Example (95) should probably be taken to mean, not ‘her deceased father’, but ‘her father after his death’; in (96), the adjective does not merely serve to intensify the noun’s meaning (‘looming fear’), but conveys a notion of manner (‘fear by its looming over’); it may also be significant that both adjectives follow their nouns, a position untypical for descriptive adjectives in poetry. In the rest a predicative interpretation is quite natural: Scylla (daughter of Nisus) observes the stars as they slide down (nutantia) towards the western horizon ([97]); Carme swears by the godhead of Dictynna, present (praesentia) to witness the oath ([98]); Scylla raises to heaven her eyes, glowing (ardentia) in indignation ([99]); she asks the winds to calm down their raging (turbantia) gusts ([100]); Carme kisses Scylla’s cheeks, wet (rorantibus) with tears ([101]); Scylla (the monster) preys on sailors caught unawares (deprensos) by a storm ([102]).

One last group of non-discontinuous phrases that can be isolated on semantic grounds appear to be phrases involving the quantifiers talis ([103]–[107]) and tantus ([108]–[109]):

non ego te talem uenerarer munere tali
‘I would not be honouring you, a man so great, with a gift so slight’ (18)
quidquid adhuc quisque est tali de clade locutus
‘whatever each of them has said up until now about that great pest’ (89)
felices qui talem annum uidere diemque
‘happy are those who have seen such a year and day’ (28)
non equidem ex isto speraui corpore posse | tale malum nasci: forma uel numina fallas
‘I certainly did not expect that from that body such evil could be born: with your beauty you can even deceive the gods’ (431–432)
donec tale decus formae uexarier undis | non tulit
‘until she could no longer bear such a gem of beauty to be battered by the waves’ (481–482)
quis non bonus omnia malit | credere quam tanti sceleris damnare puellam?
‘what good man would not sooner believe anything than condemn the girl of so great a crime?’ (188–189)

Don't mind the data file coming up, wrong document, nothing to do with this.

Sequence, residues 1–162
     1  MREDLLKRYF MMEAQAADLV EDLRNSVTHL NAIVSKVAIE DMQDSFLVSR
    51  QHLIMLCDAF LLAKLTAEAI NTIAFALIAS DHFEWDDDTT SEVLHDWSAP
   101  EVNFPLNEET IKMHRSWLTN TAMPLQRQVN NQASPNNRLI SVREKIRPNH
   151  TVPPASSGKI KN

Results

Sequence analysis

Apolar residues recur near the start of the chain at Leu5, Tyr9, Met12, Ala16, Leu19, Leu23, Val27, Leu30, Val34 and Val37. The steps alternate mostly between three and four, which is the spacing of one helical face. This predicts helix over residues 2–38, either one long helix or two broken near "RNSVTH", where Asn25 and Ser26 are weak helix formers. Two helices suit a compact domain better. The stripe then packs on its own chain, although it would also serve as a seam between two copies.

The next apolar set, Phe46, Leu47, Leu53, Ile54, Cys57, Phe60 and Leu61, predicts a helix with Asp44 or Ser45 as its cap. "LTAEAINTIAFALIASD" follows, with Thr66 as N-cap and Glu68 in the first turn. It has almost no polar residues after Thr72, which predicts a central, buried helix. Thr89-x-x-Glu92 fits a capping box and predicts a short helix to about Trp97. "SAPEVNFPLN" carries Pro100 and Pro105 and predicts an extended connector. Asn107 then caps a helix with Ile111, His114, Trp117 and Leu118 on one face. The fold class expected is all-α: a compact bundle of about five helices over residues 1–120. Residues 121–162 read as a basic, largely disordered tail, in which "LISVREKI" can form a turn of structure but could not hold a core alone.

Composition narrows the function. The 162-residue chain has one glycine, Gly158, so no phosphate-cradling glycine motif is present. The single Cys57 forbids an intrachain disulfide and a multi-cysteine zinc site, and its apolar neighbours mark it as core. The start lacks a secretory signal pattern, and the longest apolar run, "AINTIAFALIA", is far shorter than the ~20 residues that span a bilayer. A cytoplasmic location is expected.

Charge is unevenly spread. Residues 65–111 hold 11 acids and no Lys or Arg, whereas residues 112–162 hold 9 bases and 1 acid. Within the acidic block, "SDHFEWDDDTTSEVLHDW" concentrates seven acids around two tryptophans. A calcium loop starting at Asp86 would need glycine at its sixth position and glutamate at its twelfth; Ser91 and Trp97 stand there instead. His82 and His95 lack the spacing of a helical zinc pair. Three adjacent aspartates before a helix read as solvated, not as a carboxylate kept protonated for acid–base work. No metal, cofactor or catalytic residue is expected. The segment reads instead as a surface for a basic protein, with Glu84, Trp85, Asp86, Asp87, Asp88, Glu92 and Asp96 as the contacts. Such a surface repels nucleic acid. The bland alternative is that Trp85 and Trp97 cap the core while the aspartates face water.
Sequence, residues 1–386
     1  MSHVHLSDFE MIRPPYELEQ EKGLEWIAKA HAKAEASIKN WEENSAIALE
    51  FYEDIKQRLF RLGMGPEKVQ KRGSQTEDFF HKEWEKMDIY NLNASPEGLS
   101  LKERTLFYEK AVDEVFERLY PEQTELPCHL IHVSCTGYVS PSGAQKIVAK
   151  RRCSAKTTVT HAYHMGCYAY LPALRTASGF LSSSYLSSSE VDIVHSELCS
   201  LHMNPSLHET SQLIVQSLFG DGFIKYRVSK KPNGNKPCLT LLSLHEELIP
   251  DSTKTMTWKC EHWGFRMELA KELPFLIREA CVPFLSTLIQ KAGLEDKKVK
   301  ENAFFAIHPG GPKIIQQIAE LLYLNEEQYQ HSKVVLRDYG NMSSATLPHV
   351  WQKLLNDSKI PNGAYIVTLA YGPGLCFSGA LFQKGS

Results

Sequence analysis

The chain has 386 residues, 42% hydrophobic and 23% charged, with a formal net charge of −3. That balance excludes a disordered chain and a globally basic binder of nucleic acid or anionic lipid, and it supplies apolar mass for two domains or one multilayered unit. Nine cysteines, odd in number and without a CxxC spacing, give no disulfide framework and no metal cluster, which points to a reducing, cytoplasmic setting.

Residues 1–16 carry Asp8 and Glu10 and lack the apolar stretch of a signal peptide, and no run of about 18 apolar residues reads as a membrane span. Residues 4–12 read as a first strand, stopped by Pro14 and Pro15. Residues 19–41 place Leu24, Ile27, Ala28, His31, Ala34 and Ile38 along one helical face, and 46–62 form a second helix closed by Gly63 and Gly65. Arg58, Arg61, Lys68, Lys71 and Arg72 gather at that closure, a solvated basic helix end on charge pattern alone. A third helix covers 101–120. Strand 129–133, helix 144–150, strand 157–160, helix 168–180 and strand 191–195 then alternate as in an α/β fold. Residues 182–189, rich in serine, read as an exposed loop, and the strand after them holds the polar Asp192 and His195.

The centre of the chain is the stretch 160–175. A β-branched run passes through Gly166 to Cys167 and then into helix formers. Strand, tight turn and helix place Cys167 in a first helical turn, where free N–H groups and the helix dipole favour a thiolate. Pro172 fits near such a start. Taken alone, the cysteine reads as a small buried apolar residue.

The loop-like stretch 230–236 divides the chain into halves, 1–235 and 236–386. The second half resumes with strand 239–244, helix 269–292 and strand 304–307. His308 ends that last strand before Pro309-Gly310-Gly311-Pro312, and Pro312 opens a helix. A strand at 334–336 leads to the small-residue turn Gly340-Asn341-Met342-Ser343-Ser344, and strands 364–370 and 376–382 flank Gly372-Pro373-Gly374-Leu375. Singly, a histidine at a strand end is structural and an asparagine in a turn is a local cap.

nec tantum facinus tam nulla mente sequaris
‘that you do not pursue so great a misdeed with so little thought’ (327)

Although (103)–(104) could be accounted for as satellites, as in fact was (57) above, the remaining examples do not easily fall into any of the defined categories. One might speculate that the deictic force of talis and tantus is responsible for their non-discontinuity, possibly by making them behave as distinctive adjectives (or perhaps simply as demonstrative pronouns). Whether or not this explanation is correct, it seems likely that talis and tantus are indeed under a constraint not to be separated from their head nouns.

There remain 11 examples of a non-discontinuous adjective-noun phrase, which require individual discussions: in some instances it proves possible to account for their non-discontinuity, but in a handful of cases no linguistic explanation is forthcoming. First, an example in which the adjacent adjective and noun do not produce a syntactic phrase:

necdum sollemni lympha perfusa sacerdos | pallentis foliis caput exornarat oliuae (147–148)

It seems clear that perfusa should be taken as a secondary predicate, besides exornarat, both of which are negated by necdum: ‘the priestess had not yet bathed in sacred water, nor wreathed her head with leaves of the pale olive’.

A noteworthy special case appears to be presented by two occurrences of the same phrase, infelix uirgo:

infelix uirgo tota bacchatur in urbe
‘the wretched girl raves throughout the whole city’ (167)